BP urges NYCHA to use CompStat-type tech
by Benjamin Fang
Oct 24, 2018 | 380 views | 0 0 comments | 32 32 recommendations | email to a friend | print
Darold Burgess of Ingersoll Houses in Brooklyn recently had no heat or hot water in his home for three days.

As president of the residents association, he put in requests for repairs into the NYCHA system, but according to Burgess, those tickets closed out within hours.

Burgess then encouraged his fellow residents to put in requests for fixes, but all of those were closed out too.

That’s not the only problem Ingersoll Houses tenants have faced. They have a rat population that is “taking over the development,” Burgess said. They have had not a working incinerator for 15 months, and steam pipe work is still incomplete.

“I think it’s very ludicrous for NYCHA to just keep passing the buck, to give us no answer at all when it comes to heat and hot water,” he said. “They had all summer to get it together. I feel totally disrespected, and my residents feel totally disrespected.”

He’s not the only one. Isabella Lee from the Walt Whitman Houses in Fort Greene said her development has faced a multitude of problems as well, including ongoing roofing and brickwork that never seems to end.

Scaffolding and netting completely shroud many buildings in the complex.

“My residents cannot breathe through this netting they have up here,” she said. “We’re fenced in like we’re living in prison.”

Like Burgess, Lee said residents at this development have tried to reach out to NYCHA for help, but their request have fallen on “deaf ears.”

These are just some of the complaints that public housing residents say plague developments across the city. Worst of all, they don’t have a real-time, publicly accessible platform to track all of the repairs that need to be done.

Borough President Eric Adams hopes to change that. On Monday, Adams urged NYCHA to adopt CompStat-style technology to make repair work in public housing more transparent.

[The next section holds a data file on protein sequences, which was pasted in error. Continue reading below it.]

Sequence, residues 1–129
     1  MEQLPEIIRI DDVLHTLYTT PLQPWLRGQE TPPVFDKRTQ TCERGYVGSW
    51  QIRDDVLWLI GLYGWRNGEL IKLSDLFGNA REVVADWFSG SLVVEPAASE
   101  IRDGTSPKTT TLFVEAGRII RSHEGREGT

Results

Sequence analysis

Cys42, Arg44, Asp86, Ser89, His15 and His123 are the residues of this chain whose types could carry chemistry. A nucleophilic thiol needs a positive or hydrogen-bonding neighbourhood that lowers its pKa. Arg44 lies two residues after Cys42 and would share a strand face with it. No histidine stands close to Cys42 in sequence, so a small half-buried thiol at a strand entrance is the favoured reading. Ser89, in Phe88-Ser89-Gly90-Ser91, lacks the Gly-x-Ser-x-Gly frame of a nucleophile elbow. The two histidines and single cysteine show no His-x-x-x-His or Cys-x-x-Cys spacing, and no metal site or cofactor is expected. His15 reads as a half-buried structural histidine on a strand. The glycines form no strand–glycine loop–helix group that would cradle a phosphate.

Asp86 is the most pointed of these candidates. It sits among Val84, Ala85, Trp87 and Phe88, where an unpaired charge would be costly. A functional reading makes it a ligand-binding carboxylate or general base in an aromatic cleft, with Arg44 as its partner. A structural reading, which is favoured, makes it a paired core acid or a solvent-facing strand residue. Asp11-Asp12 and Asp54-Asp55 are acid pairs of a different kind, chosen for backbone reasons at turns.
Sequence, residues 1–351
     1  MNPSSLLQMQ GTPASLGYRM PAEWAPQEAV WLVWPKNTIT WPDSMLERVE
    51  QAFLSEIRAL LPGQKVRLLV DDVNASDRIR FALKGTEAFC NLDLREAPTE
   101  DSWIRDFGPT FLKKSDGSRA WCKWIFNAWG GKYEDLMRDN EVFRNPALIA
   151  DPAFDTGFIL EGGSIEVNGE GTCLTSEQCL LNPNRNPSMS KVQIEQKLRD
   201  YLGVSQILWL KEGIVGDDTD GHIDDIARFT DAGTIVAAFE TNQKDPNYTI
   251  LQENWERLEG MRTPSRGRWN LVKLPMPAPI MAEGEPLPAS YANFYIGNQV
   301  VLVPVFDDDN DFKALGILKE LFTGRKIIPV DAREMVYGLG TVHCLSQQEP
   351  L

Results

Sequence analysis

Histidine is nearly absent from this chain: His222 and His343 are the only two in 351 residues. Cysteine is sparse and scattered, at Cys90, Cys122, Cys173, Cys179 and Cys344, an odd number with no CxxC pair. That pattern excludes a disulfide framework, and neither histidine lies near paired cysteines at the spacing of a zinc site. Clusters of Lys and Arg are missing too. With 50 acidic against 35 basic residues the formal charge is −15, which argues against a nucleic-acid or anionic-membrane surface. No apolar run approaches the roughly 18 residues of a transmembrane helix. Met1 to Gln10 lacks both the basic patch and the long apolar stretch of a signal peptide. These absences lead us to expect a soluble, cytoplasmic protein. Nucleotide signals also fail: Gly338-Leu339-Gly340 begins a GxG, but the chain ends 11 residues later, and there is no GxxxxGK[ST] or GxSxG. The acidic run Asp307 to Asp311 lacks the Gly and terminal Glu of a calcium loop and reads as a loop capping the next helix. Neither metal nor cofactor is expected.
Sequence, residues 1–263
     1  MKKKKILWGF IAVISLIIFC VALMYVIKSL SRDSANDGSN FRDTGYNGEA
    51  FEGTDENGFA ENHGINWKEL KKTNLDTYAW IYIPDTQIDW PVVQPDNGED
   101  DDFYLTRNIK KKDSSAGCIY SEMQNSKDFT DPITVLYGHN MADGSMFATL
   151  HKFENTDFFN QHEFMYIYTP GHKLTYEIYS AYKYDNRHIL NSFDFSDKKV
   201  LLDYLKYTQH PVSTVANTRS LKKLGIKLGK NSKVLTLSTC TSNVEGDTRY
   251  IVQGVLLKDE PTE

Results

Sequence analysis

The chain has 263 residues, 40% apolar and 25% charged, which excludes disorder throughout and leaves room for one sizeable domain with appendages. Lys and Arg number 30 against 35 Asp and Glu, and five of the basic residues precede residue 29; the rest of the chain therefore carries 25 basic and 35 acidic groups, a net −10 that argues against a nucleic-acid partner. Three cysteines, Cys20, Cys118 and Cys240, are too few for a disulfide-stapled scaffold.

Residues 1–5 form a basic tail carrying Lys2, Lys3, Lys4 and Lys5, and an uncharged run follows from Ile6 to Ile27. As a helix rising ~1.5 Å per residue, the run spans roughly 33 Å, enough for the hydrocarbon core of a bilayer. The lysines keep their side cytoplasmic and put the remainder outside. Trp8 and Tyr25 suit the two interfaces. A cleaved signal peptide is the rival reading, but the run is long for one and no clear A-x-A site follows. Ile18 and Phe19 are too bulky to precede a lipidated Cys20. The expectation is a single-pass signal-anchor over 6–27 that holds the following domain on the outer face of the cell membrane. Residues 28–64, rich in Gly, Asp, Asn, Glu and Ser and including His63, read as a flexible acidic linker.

CompStat, a management system that the NYPD adopted 25 years ago, would allow not just NYCHA officials but all residents to track repairs, see how many hours were put into the work, and observe the costs involved.

“When residents report these problems, they’re faced with an archaic, 20th century system of tracking and reporting that does not do the job correctly,” Adams said. “NYCHA staff will come into the apartments with a pad in their hands. This is unimaginable.

“It’s time that NYCHA joins the 21st century and modernize their maintenance requests and collection system,” he added. “The goal is to fix modern problems with modern solutions.”

Under the current system, the borough president said, many complaints are lost in the shuffle and end up unaddressed. Requests that do go in are backlogged, and there’s no way for residents to know what is happening.

With winter coming, Adams said NYCHA residents are likely to face another cold season because there have already been reports of broken boilers. He said having a CompStat-style platform would help NYCHA better tackle that problem.

“If you put the right system in place, you can prevent the breakdowns,” he said.

Former NYPD Chief of Department Louis Anemone, who is widely known as the architect behind CompStat, said the system helped the police department reduce crime, but also made it more transparent.

Anemone, a product of the Marlboro Houses in south Brooklyn himself, said NYCHA lacks transparency, so it’s a “perfect opportunity.”

“It works, it’s been proven,” he said. “It can work here.”

NYCHA spokesperson Chester Soria said the agency agrees they need a more transparent, streamlined process for managing repairs and response.

“Our new leadership has already begun working on implementing a new program for NYCHA,” he said in a statement, “which we look forward to announcing soon.”
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